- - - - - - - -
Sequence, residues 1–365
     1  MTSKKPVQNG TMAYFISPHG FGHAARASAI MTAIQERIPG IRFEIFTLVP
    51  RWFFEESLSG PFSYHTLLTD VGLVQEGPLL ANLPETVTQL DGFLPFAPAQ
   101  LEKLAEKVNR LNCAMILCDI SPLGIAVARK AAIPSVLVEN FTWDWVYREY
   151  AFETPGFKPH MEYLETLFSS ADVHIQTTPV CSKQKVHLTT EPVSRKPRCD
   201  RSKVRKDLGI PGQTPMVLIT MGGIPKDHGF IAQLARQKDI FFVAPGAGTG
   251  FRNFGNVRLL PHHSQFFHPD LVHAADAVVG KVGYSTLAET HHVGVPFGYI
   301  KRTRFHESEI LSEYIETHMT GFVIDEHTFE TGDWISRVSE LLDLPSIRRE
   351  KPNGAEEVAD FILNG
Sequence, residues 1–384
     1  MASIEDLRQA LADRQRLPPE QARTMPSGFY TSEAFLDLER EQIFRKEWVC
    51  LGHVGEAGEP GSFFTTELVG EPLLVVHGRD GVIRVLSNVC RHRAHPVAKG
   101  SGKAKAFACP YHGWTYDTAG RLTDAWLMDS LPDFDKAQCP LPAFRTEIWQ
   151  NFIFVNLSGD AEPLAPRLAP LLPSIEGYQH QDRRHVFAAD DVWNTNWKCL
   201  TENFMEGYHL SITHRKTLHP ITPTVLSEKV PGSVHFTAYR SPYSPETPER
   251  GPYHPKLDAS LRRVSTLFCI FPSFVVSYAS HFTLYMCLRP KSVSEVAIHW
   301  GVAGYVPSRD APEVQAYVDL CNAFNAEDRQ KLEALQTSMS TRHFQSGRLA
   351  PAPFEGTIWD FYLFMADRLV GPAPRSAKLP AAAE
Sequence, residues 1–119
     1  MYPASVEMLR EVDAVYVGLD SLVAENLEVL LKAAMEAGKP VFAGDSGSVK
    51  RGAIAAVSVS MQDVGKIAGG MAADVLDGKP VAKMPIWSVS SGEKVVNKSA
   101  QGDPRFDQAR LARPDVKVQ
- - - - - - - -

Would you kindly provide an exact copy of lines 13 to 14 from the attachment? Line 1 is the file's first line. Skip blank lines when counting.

   101  SGKAKAFACP YHGWTYDTAG RLTDAWLMDS LPDFDKAQCP LPAFRTEIWQ
   151  NFIFVNLSGD AEPLAPRLAP LLPSIEGYQH QDRRHVFAAD DVWNTNWKCL